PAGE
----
I asked if the Rebel could be used in cell and gene therapy applications. He said that cell and gene therapy groups are utilizing the Rebel to optimize media for their applications to ensure reproducible processes, increase yield, and improve media and product quality. Many of the cell and gene therapy companies said that they are learning from the biologics community about how important media is and as a result, are working closely with media providers to ensure consistency
Next, I asked about the feedback from customers. Glenn said that fortunately, they have seen overwhelmingly positive responses thus far. He said it was great to see systems being used as intended soon after they left installations and trainings. It was good to see that users were confident using the system. They are also seeing many orders coming in for more consumables as teams realize the benefits of media screening and optimization in near-real-time. Users have been responsive to emails and check-in calls and love to share internal success stories with their colleagues.
I asked if there have been any challenges associated with the implementation of the Rebel. Glenn shared two that came to mind. The first was networking. He explained that there has been a big push for Pharma 4.0, yet some IT departments are resisting network enabling of devices in labs. Luckily, researchers and engineers have been a great ally and have been in full support of implementation.
Another challenge has been the output of data. Researchers that were used to waiting days or weeks for data are now getting it in minutes. He said that “it surprised some groups when they loaded up a tray of samples and came into the lab the next day with nearly 100 files of time course spent media data from their processes”. “We are working with these groups on streamlined, no-fuss data analysis strategies to keep up with their ever-growing sample sets and curiosities.”
I closed by asking if Glenn had anything else to add for listeners. He said that collaborations are critical, both public and private. One in particular with Sarah Harcum’s group at Clemson University has been spectacular since they are key opinion leaders in the process development space. They just published their first collaborative work looking at spent media analysis in ammonia stressed CHO cultures grown in an ambr 250 microbioreactor platform.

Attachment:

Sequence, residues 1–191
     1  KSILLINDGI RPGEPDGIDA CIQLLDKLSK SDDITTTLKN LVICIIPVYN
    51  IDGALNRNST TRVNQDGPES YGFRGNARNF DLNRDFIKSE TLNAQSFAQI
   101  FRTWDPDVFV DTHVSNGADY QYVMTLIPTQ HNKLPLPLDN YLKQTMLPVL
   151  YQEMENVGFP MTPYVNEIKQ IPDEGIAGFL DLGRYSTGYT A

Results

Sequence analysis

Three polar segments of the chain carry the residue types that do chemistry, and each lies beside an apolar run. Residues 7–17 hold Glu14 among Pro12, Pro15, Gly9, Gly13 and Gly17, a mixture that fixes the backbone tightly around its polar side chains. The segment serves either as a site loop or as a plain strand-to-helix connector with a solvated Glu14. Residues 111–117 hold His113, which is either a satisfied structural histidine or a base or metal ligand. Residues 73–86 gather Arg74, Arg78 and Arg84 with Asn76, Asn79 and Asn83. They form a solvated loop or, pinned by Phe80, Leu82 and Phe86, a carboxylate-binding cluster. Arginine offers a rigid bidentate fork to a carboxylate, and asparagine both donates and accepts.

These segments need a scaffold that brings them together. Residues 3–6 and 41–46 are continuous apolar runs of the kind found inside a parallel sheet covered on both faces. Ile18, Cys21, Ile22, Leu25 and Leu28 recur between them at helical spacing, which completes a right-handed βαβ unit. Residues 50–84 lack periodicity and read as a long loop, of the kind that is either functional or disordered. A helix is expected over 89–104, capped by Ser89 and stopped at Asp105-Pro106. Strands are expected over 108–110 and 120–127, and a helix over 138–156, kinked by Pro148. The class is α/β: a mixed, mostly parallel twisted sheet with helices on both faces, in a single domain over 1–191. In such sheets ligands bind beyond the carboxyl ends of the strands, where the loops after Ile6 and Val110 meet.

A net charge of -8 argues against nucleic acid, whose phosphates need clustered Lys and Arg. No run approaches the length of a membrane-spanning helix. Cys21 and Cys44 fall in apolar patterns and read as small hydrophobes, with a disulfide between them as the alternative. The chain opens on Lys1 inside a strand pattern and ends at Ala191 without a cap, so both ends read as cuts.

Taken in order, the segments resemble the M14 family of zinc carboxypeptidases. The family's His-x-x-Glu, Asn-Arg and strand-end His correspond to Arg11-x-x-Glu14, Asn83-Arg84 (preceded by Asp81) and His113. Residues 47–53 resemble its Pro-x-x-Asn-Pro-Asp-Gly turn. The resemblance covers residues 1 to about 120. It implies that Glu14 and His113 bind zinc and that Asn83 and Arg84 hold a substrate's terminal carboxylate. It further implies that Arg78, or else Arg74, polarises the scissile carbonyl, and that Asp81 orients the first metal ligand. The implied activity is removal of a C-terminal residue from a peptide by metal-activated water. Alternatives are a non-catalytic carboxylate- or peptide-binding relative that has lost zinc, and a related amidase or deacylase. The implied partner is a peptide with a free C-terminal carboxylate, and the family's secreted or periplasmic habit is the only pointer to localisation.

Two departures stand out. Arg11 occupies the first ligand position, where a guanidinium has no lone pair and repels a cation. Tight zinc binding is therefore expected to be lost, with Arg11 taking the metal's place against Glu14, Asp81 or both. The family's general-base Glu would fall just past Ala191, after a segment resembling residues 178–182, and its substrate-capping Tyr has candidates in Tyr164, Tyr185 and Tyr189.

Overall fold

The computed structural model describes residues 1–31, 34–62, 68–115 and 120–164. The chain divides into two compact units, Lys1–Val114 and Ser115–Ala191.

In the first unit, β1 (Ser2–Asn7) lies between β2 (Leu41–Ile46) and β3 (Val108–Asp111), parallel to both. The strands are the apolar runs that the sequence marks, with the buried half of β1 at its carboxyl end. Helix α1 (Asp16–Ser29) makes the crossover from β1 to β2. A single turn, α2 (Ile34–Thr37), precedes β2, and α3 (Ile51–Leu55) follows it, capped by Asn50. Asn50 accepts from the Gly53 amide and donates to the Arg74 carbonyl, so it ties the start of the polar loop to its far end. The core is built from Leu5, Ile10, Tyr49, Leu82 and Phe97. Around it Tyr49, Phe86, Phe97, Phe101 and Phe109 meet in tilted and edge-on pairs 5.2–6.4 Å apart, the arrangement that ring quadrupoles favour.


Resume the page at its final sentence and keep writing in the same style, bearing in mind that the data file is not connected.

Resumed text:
908 Devices is also looking toward future development, new apps, and platform expansion with collaborators on a NIIMBL project. He added that listeners should feel free to reach out to him directly on email through www.908devices.com or LinkedIn for any additional information.
In this podcast, we talked with Dr. Tobias Hertzig, Regulatory Affairs Manager and Dr. Ulrich Tillmann, Global Product Manager, Supplements and Manufacturing Aids both representing Merck KGaA, Darmstadt, Germany. We discussed non-animal origin cell culture media supplements, including regulatory advantages, performance metrics and their use in biologics manufacturing.
I began our discussion by asking Tobias if he could give us a definition of what non-animal origin means and if there was an industry-wide understanding of the term. He explained that he would love to give an industry-wide definition for non-animal origin, but unfortunately there is no industry-wide definition and there is no useful or clear definition provided by the regulators.
Next I asked Tobias if he could talk about the distinctions between primary, secondary and tertiary levels for non-animal origin. He said that these terms are used to distinguish how far away from animal origin the material is. For example, primary describes something that is not directly derived from an animal source. Secondary describes, if you use fermentation as an example, that no animal sourced media ingredients were used in the manufacture. A good example for tertiary would be a recombinant insulin where the material is recombinant, the enzyme used to cleave the protein isn’t of animal origin and the media used to make the enzyme didn’t contain any product of animal origin. It is important to note that these terms aren’t fully defined so end users need to be sure that they understand what the author means by those terms as well.
I then asked Tobias to explain why animal origin is such a big concern in the cell culture realm. He said that the primary concern is that adventitious agents could be present in animal-derived material. However, other concerns could be based on a variety of issues, including: religion, kosher/halal, or lifestyle concerns, like allergies. For adventitious agents, there is concern about zoonotic agents that could cross from animals to humans and cause disease. There are several agents known to cross species, including prions such as TSE and BSE, and also viruses. The cells themselves can be susceptible to viruses and if any viruses are detected, then the manufacturing is not GMP compliant. There are also other concerns about animal-derived materials related to the supply situation including possible import restrictions and shortages.
I asked if he could share the regulatory view on non-animal origin components. He said it is preferred to avoid animal material whenever possible, but due diligence is always required even when non-animal origin is declared. It is important to understand why the material is considered non-animal origin and to work with suppliers to ensure that your understanding of non-animal origin is the same as their definition.